Alarm bells rang internationally last week when Taiwan announced it was moving to its second highest COVID alert level after a recent surge of cases.
The country last year recorded zero cases of community transmission for eight straight months.
The recent increase in cases has led many people to wonder: what happened to Taiwan’s COVID success story?
One part of the answer is a very slow vaccine rollout. Australia should take heed.
How serious is Taiwan’s current outbreak?
On May 9, Taiwan recorded zero new community cases of COVID-19 (there was one imported case in quarantine). But only five days later, new local cases had risen exponentially to 29, and then to a peak of 333 on May 17. And on Saturday, the country’s health department retrospectively added an extra 400 cases to the previous week which were not included in earlier reports.
Although these numbers are still very low in comparison to many other countries, the fact that these new cases were spread across many cities and counties alarmed health officials. Previously, when Taiwan had its first peak — in March 2020 with 27 new cases — almost all cases were from overseas and were successfully isolated. Now the opposite is happening, with almost all new cases spreading in the community.
The current alert level three mandates wearing masks outside the home and limits people gatherings to five indoors and ten outdoors. This falls short of establishing a lockdown.
Taiwan is also temporarily barring any non-residents and transit travellers from entering the country. And there are restrictions on attending public venues, as well as sporting, entertainment and recreational events.
Level four, the highest level of the country’s restrictions would include the country’s first mass lockdown. This would only be triggered after 14 consecutive days of more than 100 cases, with 50% or more being of unknown origin.
Taiwan’s recent COVID surgeOur World in Data, CC BY
What went wrong?
Until now, Taiwan was able to prevent the virus from spreading in the community, and contain it to a few imported cases, by its extensive public health infrastructure. This includes quarantine in a government facility or at home for incoming travellers, and quarantine of close contacts of positive cases. This infrastructure was established before COVID and enabled the country to respond quickly and in a coordinated manner to it.
Taiwan’s effective methods for isolation and quarantine were aided by using digital technologies for identifying potential cases, and widespread use of face masks.
This previous COVID success might have led to the government to focus on other priorities rather than investing in resources for mass COVID testing. Indeed, in Taiwan it hasn’t been seen as cost-effective to roll out mass testing without many (or any) cases.
Now, Taiwan has ramped up its testing capacity over the past week as much as possible, but still falls short in comparison to Australia, which conducts far more tests per 1,000 population.
Taiwan’s success also may have led to its people having less of an urgency to get vaccinated.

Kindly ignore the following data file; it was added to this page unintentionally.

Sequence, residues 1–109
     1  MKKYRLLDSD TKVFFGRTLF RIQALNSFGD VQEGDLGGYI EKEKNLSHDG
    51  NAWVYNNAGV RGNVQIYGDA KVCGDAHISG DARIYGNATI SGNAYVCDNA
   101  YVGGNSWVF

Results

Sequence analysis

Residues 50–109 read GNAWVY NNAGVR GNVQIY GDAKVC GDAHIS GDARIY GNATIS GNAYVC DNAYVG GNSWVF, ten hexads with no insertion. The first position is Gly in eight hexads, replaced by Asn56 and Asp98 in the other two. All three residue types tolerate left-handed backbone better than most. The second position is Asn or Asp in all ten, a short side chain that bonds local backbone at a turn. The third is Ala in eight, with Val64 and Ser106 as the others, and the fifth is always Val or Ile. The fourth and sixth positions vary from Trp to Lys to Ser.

Where does Taiwan stand on COVID vaccinations?
Only about 1% of the population was vaccinated against COVID when this outbreak started.
Taiwan’s government invested early in developing a local vaccine, which has yet to come to market. This could be one explanation for why Taiwan came late to ordering vaccines from international suppliers, and is still awaiting further shipments from overseas.
Only last week did a second shipment of the AstraZeneca vaccine arrive in Taiwan through the global COVAX facility. However, this contained only 410,400 vaccine doses. Taiwan’s population is 23 million.
This is a warning sign for Australia
Whatever the reasons for the slow rollout of vaccines so far, for the time being and months to come, neither Taiwan nor Australia are even close to herd immunity against COVID.
Testing, tracing and isolation are still going to be important long into the future for both countries.
In saying that, even countries with the highest per capita vaccine rollout can suffer a new wave of the virus, for example Seychelles.
There may be outbreaks in places where not enough people have been vaccinated to achieve herd immunity, or where variants of the coronavirus are resulting in less protection in those vaccinated against the original strain.
Nevertheless, short of attempting to eliminate the virus by strict isolation (not only of cases but of the whole population from abroad) and severe quarantine or lockdown measures, getting everyone vaccinated as soon as possible is the best approach to a lasting COVID-free world.
Taiwan’s COVID surge demonstrates this virus has the capacity to break through isolation and quarantine barriers at any time, in any country. Many countries need to be better prepared.
The current situation in Taiwan should be a warning to other countries that you can’t let your guard down anywhere yet.
Authors: Maximilian de Courten, Professor in Global Public Health and Director of the Mitchell Institute, Victoria University